of soda and cookies. While we were still eating and drinking, the Senegalese
women began to play the drums and dance—the traditional way of ending a
work day. Everyone gathered in a large circle as the women, including Marie,
showed off their moves and dancing skills. One by one, the Americans joined
in. Even though our efforts probably weren’t as aesthetically pleasing as those
of the Senegalese women, everyone had a lot of fun and it was the perfect end
to a productive afternoon.
A Visit to Marie’s Village and the Salt Pools
Juliette Bobrow, Grade 10
On our fourth day in Senegal we were invited to visit the small village
where Marie, the principal of École Natangué, was born and grew up. It took
us about forty-five minutes to drive there from M’bour. As we passed through
several villages on the way, the children would smile at us, wave, and sometimes shout, “toubab!”, which means “white person” or “foreigner” in Wolof.
When we arrived at Marie’s village we were greeted by her mother, who
shook our hands and invited us into her home. Later, her father arrived; he
was extremely kind and very interested in our trip.
During the time we spent in Marie’s village and other villages in the area, I
was struck by how different the ambience was from that of a fishing town like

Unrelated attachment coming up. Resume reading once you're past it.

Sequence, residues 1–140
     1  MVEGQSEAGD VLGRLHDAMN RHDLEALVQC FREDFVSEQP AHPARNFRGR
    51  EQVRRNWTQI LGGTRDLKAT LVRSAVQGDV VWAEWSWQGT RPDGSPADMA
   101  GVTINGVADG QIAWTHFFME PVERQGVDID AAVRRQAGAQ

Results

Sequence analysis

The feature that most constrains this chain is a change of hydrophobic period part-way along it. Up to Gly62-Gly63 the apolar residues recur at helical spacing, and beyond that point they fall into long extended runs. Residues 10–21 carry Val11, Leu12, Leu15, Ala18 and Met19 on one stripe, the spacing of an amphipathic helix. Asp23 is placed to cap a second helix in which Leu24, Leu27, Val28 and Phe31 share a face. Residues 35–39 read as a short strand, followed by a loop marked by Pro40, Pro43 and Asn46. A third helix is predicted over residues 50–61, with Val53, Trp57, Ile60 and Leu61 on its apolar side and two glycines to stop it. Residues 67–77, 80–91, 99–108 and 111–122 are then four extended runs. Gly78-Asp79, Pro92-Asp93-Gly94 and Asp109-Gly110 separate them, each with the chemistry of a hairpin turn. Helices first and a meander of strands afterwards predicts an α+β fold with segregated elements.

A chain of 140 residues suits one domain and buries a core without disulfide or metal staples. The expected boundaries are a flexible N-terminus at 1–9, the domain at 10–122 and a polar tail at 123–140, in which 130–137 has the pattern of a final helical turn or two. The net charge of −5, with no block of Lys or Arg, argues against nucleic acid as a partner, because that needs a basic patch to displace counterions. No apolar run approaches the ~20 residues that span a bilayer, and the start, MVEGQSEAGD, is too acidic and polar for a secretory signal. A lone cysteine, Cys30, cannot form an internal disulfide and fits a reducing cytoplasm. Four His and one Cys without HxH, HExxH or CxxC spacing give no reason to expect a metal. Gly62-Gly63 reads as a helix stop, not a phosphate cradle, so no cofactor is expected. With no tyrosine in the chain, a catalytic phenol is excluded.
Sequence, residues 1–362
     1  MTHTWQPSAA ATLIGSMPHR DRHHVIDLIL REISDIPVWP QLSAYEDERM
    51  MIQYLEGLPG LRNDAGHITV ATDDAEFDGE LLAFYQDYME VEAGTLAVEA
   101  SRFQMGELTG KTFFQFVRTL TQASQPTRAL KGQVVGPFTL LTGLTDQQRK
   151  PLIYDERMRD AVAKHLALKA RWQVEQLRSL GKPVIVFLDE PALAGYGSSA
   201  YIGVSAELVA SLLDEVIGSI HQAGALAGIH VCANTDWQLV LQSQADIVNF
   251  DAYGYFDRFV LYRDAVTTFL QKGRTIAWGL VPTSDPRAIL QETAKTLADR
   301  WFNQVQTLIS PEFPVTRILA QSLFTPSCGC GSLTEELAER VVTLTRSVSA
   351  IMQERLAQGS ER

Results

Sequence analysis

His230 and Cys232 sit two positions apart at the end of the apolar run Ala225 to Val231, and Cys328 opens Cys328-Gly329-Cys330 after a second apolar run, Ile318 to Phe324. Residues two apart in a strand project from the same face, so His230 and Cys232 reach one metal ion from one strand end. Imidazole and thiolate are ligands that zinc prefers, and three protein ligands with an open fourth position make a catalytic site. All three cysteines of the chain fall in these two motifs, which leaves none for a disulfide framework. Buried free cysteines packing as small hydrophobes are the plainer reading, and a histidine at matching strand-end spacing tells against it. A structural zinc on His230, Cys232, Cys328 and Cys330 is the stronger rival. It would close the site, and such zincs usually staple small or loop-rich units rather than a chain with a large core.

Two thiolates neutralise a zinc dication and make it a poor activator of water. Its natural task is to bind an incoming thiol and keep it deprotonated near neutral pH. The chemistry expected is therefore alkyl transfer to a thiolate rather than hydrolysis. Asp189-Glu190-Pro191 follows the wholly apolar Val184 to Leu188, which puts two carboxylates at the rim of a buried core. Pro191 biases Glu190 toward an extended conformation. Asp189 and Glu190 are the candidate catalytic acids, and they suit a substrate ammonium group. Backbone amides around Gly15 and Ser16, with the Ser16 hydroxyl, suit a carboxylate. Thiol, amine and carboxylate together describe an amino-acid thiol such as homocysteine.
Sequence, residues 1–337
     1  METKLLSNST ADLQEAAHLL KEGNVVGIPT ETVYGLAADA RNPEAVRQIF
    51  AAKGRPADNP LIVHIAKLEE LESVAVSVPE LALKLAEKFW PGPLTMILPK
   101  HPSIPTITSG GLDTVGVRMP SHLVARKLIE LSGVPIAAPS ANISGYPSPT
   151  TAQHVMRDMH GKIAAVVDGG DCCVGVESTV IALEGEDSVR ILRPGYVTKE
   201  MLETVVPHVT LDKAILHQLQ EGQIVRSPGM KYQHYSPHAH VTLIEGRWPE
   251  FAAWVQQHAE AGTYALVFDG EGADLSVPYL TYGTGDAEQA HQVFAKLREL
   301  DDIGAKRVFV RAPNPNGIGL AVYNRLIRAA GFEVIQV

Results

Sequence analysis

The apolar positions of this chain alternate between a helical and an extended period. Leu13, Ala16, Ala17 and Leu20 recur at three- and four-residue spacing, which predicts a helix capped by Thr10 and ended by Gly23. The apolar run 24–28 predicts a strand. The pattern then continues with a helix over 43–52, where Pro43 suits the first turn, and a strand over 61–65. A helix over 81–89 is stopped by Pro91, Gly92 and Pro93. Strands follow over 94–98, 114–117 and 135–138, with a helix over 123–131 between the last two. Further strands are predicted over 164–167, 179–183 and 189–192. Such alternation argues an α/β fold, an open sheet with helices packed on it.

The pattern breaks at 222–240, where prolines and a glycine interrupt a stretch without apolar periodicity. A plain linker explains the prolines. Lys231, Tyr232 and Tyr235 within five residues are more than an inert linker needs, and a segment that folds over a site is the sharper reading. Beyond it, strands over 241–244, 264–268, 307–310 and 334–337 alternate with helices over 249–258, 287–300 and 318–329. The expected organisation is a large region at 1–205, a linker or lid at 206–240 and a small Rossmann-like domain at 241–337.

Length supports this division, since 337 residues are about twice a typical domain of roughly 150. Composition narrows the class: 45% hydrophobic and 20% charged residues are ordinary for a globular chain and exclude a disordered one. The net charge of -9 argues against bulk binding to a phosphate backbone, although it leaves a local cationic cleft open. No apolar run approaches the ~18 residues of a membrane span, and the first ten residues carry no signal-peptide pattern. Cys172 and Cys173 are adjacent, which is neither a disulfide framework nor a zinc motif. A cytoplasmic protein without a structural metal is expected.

M’bour or the capital city of Dakar we had visited on our first day in Senegal.
There is an air of calm and relaxation in the villages and even the markets
there, in sharp contrast to the overcrowded, somewhat overwhelming market
in M’bour and the crowded streets of Dakar.
After saying goodbye to Marie’s family, we all loaded onto carts pulled
by donkeys, a common mode of transportation in Senegal. As we headed
towards the ocean and the salt pools where most of the villagers work, the
scenery changed completely. The landscape was very barren, with the occasional baobab tree, and there was no sign of civilization.
Finally we arrived at our destination, the salt pools where the women and
girls in the village work collecting salt. Most of the girls in our group got into
the pools with the Senegalese women to help scoop up the salt into buckets,
which was really fun. We then got to carry the salt we had collected on our
heads. The Senegalese women made this look very easy, sometimes doing
it without even stabilizing the bucket with their hands, but it proved to be
somewhat difficult for us because the
buckets were heavy and the path was
uneven. Nevertheless, being able to
immerse ourselves in the work of the
women was an amazing experience.
One moment from this day that I
will never forget is when we were
riding back on the donkey carts. The
wind was blowing strongly that day,
and all of a sudden my hat flew off my
head. Instantly, a boy from the village
who was accompanying us to the salt
works jumped off the cart to retrieve
it. This was such a touching gesture,
which I believe truly demonstrated the
considerate and helpful nature of the
Senegalese people we met on our trip.
All in all, it was a memorable day that
gave us an unforgettable glimpse of a
different way of life.